being played? Do different playing styles, voicing and pickup settings impact tuning? I've
read tuning is easiest achieved with the harp vertical. Given the previous sentence,
duplicating the playing style can not be achieved with the harp up. I've tried adjusting the
springs with the harp down and I find it frustrating. Is that a developed skill?

Offline pianotuner steveo

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Re: Tuning
« Reply #6 on: March 07, 2011, 09:18:02 PM »
Like I said in that previous post, if you are going for speed, use the electronic tuner and tune all of the notes, with the harp up,then go back and tweak them by ear. Compare the 4ths,5ths, and octaves. You initially want to tune the note A440, which is the A above middle C. Then tune the A below it. Then 5ths and 4ths all around the octave F below middle C to F above middle C. Dont worry if you hear some beats as long as they sound good musically. You want SOME beats, but the amount varies based on what sounds best to you and other factors.In general, the bass should be slightly flat and the treble should be slightly sharp. Tuning all notes pure based on what the tuner tells you will never sound right. Most of the time, the only note I tune pure to the tuner is A440.
You need to keep flipping the harp up and down for tuning and testing. Playing style has almost nothing to do with Rhodes tuning. It does affect acoustic pianos some, but thats another story.

PM me if you are confused or need more info.
1960 Wurlitzer model 700 EP
1968 Gibson G101 Combo organ
1975 Rhodes Piano Bass
1979 Wurlitzer 206A EP
1980 Wurlitzer 270 Butterfly Grand
2004 Hammond XK3
2009 73A Rhodes Mark 7
2009 Korg SV-1 73
2017 Yamaha P255
2020 Kawai CA99
....and a few guitars...

Offline pianotuner steveo

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Re: Tuning
« Reply #7 on: March 07, 2011, 09:26:05 PM »
Rob, you can tune the same piano with equal temprament AND stretch the octaves........ You tune the tenor section to equal temprament, then stretch as you go up and reverse stretch as you go into the bass. Most of the time, equal temprament refers to the tenor section only, (called the temprament octave) but you can temper the entire piano as well. That takes a lot of time to tune this way though. I agree,this sounds better,especially on acoustics. But even then, I still stretch the high treble, because your ears perceive treble as sounding flat when tuned to exact pitch  and bass sounds sharp when tuned to exact pitch. (IE Paul McCartney's Hofner usually sounded sharp. i own a Hofner copy and it sounds better when tuned slightly flat)
« Last Edit: March 07, 2011, 09:35:02 PM by pianotuner steveo »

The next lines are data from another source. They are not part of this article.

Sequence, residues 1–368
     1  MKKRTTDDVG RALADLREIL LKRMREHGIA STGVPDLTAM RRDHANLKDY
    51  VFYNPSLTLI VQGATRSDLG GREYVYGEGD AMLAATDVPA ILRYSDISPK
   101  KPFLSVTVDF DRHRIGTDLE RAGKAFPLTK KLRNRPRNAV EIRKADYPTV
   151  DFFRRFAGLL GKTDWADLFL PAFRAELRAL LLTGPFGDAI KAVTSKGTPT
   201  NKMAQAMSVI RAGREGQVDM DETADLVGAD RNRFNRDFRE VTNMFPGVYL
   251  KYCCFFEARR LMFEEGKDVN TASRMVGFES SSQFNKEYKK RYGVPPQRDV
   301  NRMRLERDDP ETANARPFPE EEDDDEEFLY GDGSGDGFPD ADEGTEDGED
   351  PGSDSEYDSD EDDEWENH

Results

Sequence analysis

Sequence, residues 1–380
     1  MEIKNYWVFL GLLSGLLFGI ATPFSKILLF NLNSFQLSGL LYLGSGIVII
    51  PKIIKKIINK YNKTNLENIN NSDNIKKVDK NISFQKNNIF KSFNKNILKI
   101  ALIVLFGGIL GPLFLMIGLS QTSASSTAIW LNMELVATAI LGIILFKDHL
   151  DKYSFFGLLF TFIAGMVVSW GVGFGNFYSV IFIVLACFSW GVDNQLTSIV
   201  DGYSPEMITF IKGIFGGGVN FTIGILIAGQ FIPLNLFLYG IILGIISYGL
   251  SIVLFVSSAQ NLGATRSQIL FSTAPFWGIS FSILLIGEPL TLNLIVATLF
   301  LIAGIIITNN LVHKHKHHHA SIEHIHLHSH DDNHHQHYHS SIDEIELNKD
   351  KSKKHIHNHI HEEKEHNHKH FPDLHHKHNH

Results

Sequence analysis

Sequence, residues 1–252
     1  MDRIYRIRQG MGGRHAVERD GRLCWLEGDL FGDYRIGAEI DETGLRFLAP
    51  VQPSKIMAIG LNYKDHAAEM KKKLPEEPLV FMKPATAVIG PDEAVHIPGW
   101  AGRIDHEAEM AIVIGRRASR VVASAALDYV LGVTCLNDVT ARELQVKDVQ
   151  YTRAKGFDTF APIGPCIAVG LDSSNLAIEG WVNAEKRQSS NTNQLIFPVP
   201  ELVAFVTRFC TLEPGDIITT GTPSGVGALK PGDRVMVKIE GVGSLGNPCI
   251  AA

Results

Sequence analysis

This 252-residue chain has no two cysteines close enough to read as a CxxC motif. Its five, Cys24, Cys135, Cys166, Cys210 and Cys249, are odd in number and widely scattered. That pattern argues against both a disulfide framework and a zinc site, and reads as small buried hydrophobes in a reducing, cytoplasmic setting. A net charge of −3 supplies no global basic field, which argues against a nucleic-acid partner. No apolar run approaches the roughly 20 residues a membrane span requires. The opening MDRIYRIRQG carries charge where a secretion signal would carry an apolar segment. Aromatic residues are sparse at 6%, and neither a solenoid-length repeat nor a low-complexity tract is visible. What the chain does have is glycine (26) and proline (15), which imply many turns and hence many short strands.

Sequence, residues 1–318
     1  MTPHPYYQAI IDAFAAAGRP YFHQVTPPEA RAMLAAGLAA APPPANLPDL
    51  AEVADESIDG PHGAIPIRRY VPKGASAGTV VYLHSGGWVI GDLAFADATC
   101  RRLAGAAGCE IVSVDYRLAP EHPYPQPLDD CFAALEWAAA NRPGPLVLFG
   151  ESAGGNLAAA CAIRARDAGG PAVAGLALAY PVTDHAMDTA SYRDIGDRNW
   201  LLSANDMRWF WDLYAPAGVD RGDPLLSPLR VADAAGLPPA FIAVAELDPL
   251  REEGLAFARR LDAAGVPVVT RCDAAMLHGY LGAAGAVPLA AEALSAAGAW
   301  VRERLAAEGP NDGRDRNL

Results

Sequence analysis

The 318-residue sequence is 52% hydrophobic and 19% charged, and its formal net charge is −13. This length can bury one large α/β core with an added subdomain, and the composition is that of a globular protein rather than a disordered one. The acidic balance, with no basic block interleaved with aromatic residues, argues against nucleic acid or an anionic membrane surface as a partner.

1960 Wurlitzer model 700 EP
1968 Gibson G101 Combo organ
1975 Rhodes Piano Bass
1979 Wurlitzer 206A EP
1980 Wurlitzer 270 Butterfly Grand
2004 Hammond XK3
2009 73A Rhodes Mark 7
2009 Korg SV-1 73
2017 Yamaha P255
2020 Kawai CA99
....and a few guitars...

Offline 5077

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Re: Tuning
« Reply #8 on: April 07, 2011, 03:53:55 PM »
Ok, this tuning thing is driving me CRAZY! 

I tried tuning by ear, using the method laid out in "Piano Tuning" by Fischer, and I've realized that my ears aren't as good as I thought they were  :-[  I kind of gave up and contacted a local Rhodes maintenance guy to come in and tune the thing, but in talking to him on the phone, I found out that all he does is tune each tine to a guitar tuner, which is what I tried in the beginning!!  I then asked a friend who has a Rhodes what he did, and he said he did the same thing (with a guitar tuner).  Maybe I'm crazy, but just using a guitar tuner doesn't sound quite right to me...

I have an acoustic piano that needs tuning, so I'm just going to ask the tuner to do the Rhodes as well, and hope that he can do it.

I guess my question now is, how many of you tune your Rhodes just using a guitar tuner for each key, versus how many of you tune it using a standard acoustic piano method?

Offline Rhodesman88

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Re: Tuning
« Reply #9 on: April 08, 2011, 12:16:20 PM »
Tuning a Rhodes has always had it followers in two camps; to stretch or not to stretch.  Personally I use a tuner to do the range from about A 220 to A 880...then use my ear to tune the octaves, which turn out to be closer to equal temperment than stretch.  Everyone's ear is different, but I think that tuning to equal temperment octaves is the best for a Rhodes. Then on the other hand, is the Rhodes set up primarily to fundimental tone settings, or do you have a lot of overtones dialed in?  That also affects the tuning to some degree.